Get ready for the Tool jokes, ladies and gentlemen, because you’re in for a lot of ‘em. No, not the euphemism – The band. Designer Jason Stout is ready to rock the market with the Lateralus, a stylish blade with artistic aspirations. Let’s reach up, reach out, and ride the spiral with this new addition to the Boker catalog .
First and foremost, if you haven’t heard the song for which I’m assuming this knife is named, you can listen to it here. Second, I’d encourage you to buy the entire album here. Tool is one of the most interesting bands of my lifetime, and they deserve your attention. If you need a guide to my bastardization of the poetry of Maynard James Keenan, check out the lyrics here. The entire track was written to match the Fibonacci mathematic sequence and the Golden Ratio, so you’re in for an intellectual treat.
Oh, and feel free to correct me if I’m wrong in my assumptions on the name. I’ve been unable to locate any other use of the word “Lateralus” beyond the title of the above song. Not that that’s a problem, mind you. Stout couldn’t have picked a better album and artist to pique my interest. Either way, it was nice of Boker to send the knife along for review. It’ll be headed to Nick Shabazz sometime in the next couple weeks, so tune into his Youtube channel for his eventual commentary.
I’d like to preface this review with a few words from the designer himself. Boker’s website states that “[Stout’s] claim is not the creation of knives which everyone likes, but the realization of its own style.” I dig it, and I’d advise you to keep it in mind before reading further.
Anyway, let’s transition from the philosophical to the physical, with the help of the knife’s dimensions.
Overall Length: 8.25”
Blade Length: 3.625″ (3.25” cutting edge)
Blade Thickness: 0.14”
Handle Length: 4.625”
Handle Thickness: 0.47”
Weight: 4.43 oz.
As you can see from the comparison shot above and the disassembly photo below, this is a rather sizable knife. Its D2 steel blade swings on captive bearings, with what appears to be a steel washer set into the scale side. This scale is composed of nicely grooved G-10. The remaining body is made up of a stainless steel framelock and pocket clip. Grip is good in my medium/large hand, with no major hotspots.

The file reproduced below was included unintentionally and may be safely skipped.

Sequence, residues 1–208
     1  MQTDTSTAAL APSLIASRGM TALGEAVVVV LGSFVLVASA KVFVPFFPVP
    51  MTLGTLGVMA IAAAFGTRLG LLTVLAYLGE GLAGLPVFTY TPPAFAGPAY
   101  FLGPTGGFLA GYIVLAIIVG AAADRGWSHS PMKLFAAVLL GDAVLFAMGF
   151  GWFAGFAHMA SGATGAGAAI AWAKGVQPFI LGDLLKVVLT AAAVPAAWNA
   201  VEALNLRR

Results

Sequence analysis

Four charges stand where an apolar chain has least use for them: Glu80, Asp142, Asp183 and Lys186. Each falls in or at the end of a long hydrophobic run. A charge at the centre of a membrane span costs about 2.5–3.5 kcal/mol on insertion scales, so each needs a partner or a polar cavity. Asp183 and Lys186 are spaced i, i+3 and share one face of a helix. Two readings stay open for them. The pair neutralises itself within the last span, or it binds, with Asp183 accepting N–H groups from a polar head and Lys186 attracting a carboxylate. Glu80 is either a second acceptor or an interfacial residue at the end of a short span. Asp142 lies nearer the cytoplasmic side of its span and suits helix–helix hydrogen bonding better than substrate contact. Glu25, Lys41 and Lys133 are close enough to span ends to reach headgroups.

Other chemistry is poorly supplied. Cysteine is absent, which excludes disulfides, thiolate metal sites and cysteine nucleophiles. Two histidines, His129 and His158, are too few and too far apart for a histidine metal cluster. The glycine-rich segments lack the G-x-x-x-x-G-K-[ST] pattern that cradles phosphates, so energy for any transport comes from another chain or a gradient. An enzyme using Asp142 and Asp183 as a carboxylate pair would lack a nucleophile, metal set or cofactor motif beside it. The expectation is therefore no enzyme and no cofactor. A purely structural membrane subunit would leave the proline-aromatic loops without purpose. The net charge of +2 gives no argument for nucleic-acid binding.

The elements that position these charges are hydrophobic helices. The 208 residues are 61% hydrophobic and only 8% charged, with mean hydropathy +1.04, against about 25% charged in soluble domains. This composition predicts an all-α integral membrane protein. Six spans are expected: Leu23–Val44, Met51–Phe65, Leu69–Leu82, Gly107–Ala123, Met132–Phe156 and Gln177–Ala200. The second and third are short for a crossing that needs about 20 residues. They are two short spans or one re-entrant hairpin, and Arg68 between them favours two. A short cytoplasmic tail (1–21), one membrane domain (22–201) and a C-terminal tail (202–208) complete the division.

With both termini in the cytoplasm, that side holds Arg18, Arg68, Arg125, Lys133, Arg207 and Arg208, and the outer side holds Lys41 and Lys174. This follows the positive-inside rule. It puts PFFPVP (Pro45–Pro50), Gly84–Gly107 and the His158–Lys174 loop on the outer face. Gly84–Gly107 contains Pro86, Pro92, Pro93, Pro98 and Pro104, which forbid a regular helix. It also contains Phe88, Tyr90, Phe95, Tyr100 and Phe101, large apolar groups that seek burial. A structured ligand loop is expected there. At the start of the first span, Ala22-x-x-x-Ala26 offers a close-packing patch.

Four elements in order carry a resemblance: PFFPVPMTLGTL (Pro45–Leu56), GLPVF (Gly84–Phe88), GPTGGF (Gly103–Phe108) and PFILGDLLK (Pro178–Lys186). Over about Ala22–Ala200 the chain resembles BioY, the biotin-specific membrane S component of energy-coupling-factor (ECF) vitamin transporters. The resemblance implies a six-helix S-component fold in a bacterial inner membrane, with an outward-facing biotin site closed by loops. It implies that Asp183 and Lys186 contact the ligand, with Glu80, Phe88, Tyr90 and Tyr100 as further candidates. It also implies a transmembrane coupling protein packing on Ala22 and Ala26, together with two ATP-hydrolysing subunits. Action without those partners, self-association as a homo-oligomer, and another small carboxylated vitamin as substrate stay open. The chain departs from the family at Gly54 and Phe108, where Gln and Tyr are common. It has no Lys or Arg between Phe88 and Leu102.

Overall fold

The most visually striking component of the Lateralus is its blade. From the flat, thick flipper tab at its base to the deep trench running from east to west across its stonewashed surface, there’s an ax-like intrigue to the overall shape. Its flat grind is crowned with some rather prominent jimping, with a monstrous finger/sharpening choil at its base. Rest assured, we’ll come back around to that particular detail once we get to Function.
For all its visual appeal, I have several issues with the Lateralus. First and foremost is its clip-point conundrum of a blade. I’m not a fan of grooves along the cutting surface (known as “fullers”), and this has a big one. Worst of all, it’s been included on a knife forged from D2 steel. Riddle me this, Boker – Why would you put a huge “crud groove” on a material known to be rust-prone? Mine has already begun to discolor. Here, take a look:
Then there’s the pocket clip. While it’s begun to loosen up, my tester came incredibly tight. It’s still difficult to get in and out of my pocket, especially with that cavernous lock bar cutout beneath. In several instances, it’s actually pulled threads from the fraying pocket of my jeans.
So, kind of a middling score here. There are positives, yes, but also the start of a significant trend.
3 stars out of 5
I’m going to spend less time discussing this knife’s Function as opposed to its Form. I feel I’m justified in this, considering the Lateralus’ obvious preference of visual appeal over practical utility. I know that sounds like an insult, and I don’t mean it to be. But just because I can “witness the beauty” of the designer’s intentions doesn’t mean I can’t keep “my feet upon the ground.”